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The information contained on this page represents the situation as of 1 January 2013 and is a summary of the country report produced by the country expert from the network. The summary can be downloaded here as well. 

Gediminas Andriukaitis

Country Context

Lithuania regained its independence from the Soviet Union in 1990. The present Constitution was approved by referendum in 1992. On 1May 2004 Lithuania joined the EU, meaning that significant changes to the legal system had taken place in little over a decade to meet EU and international standards. It must be mentioned that in most cases legal changes were not widely discussed, and society was not sufficiently prepared for new equality standards.

Main principles and definitions

Currently the Law on Equal Treatment in most cases repeats the wording of the Directives, without going into details of particular provisions, hence most concepts still require judicial interpretation. Both natural and legal persons are protected from discrimination. Besides the prohibition of direct and indirect discrimination, discrimination by association, harassment, instructions to discriminate and victimisation are also considered illegal. However, some definitions still lack clarity.

Enforcing the law

No special judicial, administrative or conciliation procedures for cases of discrimination exist at national level.  Mediation in discrimination disputes is also not covered by national law. The Equal Opportunities Ombudsperson sometimes acts as a mediator in practice, but this procedure is not formalised and does not provide the victim with compensation.

Main legislation

The principle of equality is outlined in the Constitution. Although age, disability and sexual orientation are not explicitly mentioned in the constitutional equality clause, the Constitution could presumably be interpreted in such a way as to protect against discrimination on these grounds (jurisprudence of the Constitutional Court on equality remains rather scarce). The general principle of equality is repeated in various national legal enactments, including the Labour Code, Civil Code, Criminal Code and other laws. However, non-discrimination cases only recently started to appear in courts.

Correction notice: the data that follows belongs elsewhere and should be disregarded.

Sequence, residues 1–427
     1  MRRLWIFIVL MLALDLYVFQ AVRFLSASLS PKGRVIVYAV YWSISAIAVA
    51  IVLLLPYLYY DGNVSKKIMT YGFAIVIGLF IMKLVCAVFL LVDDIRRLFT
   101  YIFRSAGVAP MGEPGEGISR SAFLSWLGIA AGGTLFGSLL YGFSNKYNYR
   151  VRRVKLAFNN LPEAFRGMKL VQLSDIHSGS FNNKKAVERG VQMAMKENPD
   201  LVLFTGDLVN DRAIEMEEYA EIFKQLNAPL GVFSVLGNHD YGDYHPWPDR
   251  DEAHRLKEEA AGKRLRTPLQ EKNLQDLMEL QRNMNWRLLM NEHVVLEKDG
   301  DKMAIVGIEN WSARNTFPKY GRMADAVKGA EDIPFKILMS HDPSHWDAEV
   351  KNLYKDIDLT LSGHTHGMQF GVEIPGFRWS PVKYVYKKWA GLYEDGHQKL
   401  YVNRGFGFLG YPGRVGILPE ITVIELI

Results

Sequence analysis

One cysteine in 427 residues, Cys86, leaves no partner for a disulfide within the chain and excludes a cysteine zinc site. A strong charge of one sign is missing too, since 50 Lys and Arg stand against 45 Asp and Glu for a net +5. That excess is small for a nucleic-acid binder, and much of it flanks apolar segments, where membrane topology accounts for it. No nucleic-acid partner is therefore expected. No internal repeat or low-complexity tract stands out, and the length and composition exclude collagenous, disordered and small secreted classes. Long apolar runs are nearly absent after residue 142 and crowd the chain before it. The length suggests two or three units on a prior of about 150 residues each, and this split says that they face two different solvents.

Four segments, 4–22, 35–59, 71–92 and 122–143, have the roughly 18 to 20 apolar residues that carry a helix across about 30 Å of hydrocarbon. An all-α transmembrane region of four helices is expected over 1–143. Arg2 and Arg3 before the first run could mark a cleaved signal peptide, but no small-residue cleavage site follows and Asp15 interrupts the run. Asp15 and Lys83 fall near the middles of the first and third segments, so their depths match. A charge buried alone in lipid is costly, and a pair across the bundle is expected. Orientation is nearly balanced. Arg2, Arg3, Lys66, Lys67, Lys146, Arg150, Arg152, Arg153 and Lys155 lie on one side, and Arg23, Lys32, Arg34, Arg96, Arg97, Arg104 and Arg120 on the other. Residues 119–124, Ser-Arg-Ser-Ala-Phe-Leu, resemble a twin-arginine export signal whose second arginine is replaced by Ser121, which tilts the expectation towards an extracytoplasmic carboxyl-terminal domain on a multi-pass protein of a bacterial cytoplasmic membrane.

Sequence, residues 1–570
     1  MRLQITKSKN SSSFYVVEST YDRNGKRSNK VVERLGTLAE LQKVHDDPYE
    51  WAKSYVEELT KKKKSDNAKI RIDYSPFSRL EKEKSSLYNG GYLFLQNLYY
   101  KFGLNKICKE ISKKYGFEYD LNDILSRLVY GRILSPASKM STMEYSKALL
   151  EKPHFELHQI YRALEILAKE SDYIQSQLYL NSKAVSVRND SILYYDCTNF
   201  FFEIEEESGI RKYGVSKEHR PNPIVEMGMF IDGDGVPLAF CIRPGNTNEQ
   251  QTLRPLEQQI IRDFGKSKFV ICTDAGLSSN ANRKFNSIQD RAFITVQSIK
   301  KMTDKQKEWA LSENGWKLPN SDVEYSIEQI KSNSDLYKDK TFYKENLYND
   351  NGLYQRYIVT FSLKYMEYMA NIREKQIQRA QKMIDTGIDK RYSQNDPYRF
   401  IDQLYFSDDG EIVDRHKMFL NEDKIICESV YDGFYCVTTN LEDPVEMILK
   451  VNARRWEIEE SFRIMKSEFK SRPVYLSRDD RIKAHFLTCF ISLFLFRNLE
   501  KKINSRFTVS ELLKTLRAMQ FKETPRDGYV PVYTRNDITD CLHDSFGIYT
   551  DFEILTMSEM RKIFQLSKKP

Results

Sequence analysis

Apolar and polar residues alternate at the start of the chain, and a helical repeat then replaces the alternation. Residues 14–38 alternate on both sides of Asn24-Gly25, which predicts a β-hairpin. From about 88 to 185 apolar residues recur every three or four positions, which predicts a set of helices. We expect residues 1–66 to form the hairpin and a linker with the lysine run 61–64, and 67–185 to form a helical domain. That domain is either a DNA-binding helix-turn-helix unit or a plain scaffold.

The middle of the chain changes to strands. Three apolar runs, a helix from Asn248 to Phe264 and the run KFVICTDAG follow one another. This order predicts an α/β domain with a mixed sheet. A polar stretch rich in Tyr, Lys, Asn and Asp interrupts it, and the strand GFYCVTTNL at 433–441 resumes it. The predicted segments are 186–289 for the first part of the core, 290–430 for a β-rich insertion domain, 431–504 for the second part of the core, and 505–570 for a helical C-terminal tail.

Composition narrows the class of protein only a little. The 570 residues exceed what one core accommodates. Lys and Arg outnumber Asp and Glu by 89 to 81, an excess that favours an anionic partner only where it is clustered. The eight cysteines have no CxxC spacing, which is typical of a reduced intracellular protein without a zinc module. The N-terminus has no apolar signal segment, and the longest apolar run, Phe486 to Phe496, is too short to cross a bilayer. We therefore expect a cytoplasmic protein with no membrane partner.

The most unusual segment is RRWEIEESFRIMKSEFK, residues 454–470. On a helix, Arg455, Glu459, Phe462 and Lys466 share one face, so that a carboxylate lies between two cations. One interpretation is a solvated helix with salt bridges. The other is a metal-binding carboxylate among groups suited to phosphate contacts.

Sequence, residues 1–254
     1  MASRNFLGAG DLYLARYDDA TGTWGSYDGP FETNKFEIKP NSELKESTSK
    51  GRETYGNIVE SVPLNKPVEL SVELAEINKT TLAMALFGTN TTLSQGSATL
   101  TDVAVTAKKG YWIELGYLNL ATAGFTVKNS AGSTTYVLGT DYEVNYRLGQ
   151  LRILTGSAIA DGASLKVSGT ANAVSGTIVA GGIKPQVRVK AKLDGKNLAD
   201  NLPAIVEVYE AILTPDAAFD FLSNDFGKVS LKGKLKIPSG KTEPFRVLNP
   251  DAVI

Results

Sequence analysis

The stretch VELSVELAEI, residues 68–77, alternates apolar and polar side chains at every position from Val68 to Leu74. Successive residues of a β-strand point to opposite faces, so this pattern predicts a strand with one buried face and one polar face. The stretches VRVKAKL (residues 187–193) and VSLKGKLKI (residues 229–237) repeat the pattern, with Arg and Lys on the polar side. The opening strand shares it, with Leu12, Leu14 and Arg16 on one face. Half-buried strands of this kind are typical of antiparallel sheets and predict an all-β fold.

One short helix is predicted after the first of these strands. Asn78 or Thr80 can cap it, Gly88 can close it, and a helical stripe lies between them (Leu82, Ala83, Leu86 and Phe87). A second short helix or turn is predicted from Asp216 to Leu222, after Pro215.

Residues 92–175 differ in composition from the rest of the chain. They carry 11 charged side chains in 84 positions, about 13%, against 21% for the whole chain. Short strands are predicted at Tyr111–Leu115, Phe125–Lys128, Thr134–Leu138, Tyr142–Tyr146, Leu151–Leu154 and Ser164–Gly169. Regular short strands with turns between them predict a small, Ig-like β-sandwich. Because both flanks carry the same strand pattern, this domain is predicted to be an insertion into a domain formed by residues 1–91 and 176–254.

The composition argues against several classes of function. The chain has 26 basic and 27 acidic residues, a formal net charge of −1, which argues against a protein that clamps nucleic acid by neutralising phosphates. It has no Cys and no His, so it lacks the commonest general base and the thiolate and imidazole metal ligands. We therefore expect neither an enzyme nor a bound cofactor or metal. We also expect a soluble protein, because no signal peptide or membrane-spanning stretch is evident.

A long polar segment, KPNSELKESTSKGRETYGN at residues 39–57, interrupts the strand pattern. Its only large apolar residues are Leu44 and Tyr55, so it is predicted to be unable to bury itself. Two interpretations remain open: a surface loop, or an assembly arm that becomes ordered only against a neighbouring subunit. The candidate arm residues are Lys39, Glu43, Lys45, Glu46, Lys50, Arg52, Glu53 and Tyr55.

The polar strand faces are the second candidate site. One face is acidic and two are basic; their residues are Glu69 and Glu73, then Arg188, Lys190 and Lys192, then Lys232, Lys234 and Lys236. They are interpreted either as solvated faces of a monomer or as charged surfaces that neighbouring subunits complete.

Material scope

National anti-discrimination law is applied in both the public and private sectors. It should be applied in employment, education, and access to goods and services on all grounds covered by the Directives. In addition, national anti-discrimination law also provides protection against discrimination on the grounds of social status, language and convictions.

Equality bodies

The Equal Opportunities Ombudspersonis the national anti-discrimination body, founded in order to fulfil the requirements of the Racial Equality Directive. When the Law on Equal Treatment came in force in 2005 it expanded the mandate of the previous Ombudsperson for Equal Opportunities for Men and Women (in operation since 1999). Hence a new institution – the Equal Opportunities Ombudsperson – covering all grounds of discrimination in Directives 2000/43/EC and 2000/78/EC and the ground of gender started working from 1 January 2005. The Ombudsperson monitors the implementation of the Law on Equal Treatment in the manner prescribed by theLaw on Equal Opportunities for Women and Men.It is the main national institution dealing with equality and non-discrimination.

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